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Flake Rips Trump's "Worst Impulses" In Fiery Speech; Cohn: State/Local Tax Deduction "Not A Red Line"; Pence, Senate Kill Rule That Made It Easier To Sue Banks; Sanders On Kelly: No Apology Necessary. Aired 12:30-1p ET

Aired October 25, 2017 - 12:30   ET


[12:30:01] LAURA BARRON-LOPEZ, WASHINGTON EXAMINER: -- and maybe, as Flake said, it will bring out more Republican senators but it remains to be seen.

JOHN KING, INSIDE POLITICS HOST: And even beyond those votes though, the votes that are coming in the next couple weeks. I mean, they want the party to somehow reach out and take the party back from the President. I mean, how do you do that to Julie's point?

We're not even at the 10-month mark yet, the 10-month mark. And they somehow want to, you know, they can't stage a coup. You can't get rid of him.


KING: So, how do you take your party back without challenging him at the ballot box or just like everybody stands up and gives speeches?

LIZZA: That's a great point is what do you actually do, right? And as we talked about before, there's these two powerful forces keeping Republicans tethered to Trump, and not wanting to go where Corker and Flake have gone.

The one force is these very high approvals he has with Republicans, right? So, in their -- these re-election campaigns being close to Trump seems like an asset so far. And then the second thing is, of course, is there is this pre-existing conservative agenda that Republicans who now control all of Washington want Trump to sign, right? And that's where the tax reform thing comes in.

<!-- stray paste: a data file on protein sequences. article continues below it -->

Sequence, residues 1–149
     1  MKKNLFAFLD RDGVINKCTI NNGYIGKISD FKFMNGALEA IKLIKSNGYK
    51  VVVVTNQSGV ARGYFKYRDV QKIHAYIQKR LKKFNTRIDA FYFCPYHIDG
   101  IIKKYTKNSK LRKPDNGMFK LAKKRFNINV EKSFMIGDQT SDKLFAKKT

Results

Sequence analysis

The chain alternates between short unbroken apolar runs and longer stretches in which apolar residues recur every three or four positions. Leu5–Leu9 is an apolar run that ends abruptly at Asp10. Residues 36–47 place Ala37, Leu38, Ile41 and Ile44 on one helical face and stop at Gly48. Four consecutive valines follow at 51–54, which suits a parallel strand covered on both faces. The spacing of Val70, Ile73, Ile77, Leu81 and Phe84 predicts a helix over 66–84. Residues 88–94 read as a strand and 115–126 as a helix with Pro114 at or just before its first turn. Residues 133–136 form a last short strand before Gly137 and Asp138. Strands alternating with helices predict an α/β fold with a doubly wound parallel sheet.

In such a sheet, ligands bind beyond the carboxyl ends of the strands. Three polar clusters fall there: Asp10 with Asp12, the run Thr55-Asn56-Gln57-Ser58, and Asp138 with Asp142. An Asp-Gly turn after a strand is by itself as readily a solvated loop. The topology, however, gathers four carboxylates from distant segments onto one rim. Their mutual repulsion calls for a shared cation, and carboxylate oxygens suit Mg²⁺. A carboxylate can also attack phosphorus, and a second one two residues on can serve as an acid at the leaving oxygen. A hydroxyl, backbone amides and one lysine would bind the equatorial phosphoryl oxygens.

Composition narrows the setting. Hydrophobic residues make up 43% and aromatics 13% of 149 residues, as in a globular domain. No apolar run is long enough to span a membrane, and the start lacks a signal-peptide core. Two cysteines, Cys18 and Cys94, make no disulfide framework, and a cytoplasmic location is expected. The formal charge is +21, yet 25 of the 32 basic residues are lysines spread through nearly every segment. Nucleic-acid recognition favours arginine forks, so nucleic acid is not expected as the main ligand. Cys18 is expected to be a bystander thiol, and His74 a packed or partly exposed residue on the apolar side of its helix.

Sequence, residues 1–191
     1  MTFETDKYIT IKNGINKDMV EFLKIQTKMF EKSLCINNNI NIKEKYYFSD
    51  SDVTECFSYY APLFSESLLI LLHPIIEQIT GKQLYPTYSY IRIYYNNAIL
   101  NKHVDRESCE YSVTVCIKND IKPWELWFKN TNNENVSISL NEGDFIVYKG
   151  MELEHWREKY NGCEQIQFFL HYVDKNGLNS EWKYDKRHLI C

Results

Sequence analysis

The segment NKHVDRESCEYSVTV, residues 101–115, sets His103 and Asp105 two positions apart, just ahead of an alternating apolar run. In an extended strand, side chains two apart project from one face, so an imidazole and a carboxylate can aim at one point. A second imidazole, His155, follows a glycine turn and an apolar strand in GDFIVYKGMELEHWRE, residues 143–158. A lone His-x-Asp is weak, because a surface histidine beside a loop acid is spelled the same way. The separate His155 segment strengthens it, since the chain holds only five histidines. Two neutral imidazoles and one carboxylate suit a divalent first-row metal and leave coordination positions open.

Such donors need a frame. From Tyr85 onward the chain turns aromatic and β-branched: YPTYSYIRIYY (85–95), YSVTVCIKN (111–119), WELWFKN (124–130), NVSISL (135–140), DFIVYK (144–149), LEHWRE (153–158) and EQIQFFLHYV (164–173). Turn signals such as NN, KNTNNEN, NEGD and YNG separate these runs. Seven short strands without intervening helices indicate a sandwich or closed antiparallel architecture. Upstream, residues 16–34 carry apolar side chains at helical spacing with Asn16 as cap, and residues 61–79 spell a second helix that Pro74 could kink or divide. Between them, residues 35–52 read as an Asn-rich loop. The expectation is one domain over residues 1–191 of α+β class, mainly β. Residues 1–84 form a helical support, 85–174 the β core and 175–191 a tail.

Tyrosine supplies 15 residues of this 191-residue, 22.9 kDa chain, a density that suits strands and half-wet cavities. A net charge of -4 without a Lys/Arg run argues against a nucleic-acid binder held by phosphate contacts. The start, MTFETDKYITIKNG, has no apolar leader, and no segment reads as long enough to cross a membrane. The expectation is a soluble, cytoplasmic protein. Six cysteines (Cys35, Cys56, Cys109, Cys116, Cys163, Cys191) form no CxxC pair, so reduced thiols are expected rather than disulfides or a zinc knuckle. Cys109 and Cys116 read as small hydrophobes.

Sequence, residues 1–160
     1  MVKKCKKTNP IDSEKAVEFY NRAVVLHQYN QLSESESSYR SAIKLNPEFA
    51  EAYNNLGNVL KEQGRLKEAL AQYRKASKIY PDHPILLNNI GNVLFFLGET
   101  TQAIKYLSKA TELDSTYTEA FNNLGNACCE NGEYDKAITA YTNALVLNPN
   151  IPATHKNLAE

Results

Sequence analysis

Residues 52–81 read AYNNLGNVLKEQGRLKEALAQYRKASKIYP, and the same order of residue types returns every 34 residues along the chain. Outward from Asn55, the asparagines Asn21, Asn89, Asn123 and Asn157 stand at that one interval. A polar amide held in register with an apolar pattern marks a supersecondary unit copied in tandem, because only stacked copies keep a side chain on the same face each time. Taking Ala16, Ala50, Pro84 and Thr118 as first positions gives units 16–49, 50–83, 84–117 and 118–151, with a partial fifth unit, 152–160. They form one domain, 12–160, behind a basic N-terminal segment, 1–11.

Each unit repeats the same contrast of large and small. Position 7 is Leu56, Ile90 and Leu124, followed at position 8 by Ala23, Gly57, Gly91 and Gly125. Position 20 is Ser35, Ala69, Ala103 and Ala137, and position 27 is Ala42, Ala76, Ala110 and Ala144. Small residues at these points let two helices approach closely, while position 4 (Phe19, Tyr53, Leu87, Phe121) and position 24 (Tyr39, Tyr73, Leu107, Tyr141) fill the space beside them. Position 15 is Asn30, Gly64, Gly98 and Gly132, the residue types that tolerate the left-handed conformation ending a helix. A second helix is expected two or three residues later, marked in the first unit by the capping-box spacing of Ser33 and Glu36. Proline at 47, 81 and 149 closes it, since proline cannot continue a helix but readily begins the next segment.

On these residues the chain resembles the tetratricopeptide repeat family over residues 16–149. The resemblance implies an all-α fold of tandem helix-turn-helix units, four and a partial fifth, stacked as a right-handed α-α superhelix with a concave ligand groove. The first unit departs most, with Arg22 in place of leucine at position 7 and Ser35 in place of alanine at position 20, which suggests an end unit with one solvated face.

I think the question is what is the red line for every Republicans (ph) where they decide that those two forces are less important than Trump if they believe this being unfit to be president. If Corker, it was North Korea, but Corker, he said, you know what? Neil Gorsuch and a tax cut is not worth World War III. I need to speak out.

Flake is obviously did a much longer term critic and he's never been on board with Trump. I think that's the question for Hillary Clinton, what is the red line if you believe what Flake and Corker believe? And lot of them we know privately do.

KING: Right. We know that privately do. And that was Flake's point, Justin. I want to get -- because I want people to hear more from this meeting (ph) here yesterday making the point that yes, a lot of Republicans didn't like Trump. They don't trust Trump. They don't think he's one of them. They don't like the way he communicates but they thought we can repeal Obamacare, fail.


KING: We can cut taxes, we'll see what happens. We can pass a conservative agenda and he'll just sign it so we'll deal with him. We kind of look the other ways and we'll deal with it. Jeff Flake has nine months in, can't go that way anymore.


SEN. JEFF FLAKE (R), ARIZONA: We must never regard as normal the regular and casual undermining of our democratic norms and ideals. We must never meekly accept the daily sundering of our country. The personal attacks, the threats against principles, freedoms and institution, the flagrant disregard for truth and decency, the reckless provocations, most often for the pettiest and most personal reasons, reasons having nothing whatsoever to do with the fortunes of the people that we have been elected to serve.


KING: If you listen to that -- I mean, you know, there was criticism of Reagan during Iran-Contra, you blew it. You didn't tell the truth to the American people. There was a lot of criticism of Bill Clinton during impeachment. You know, that's --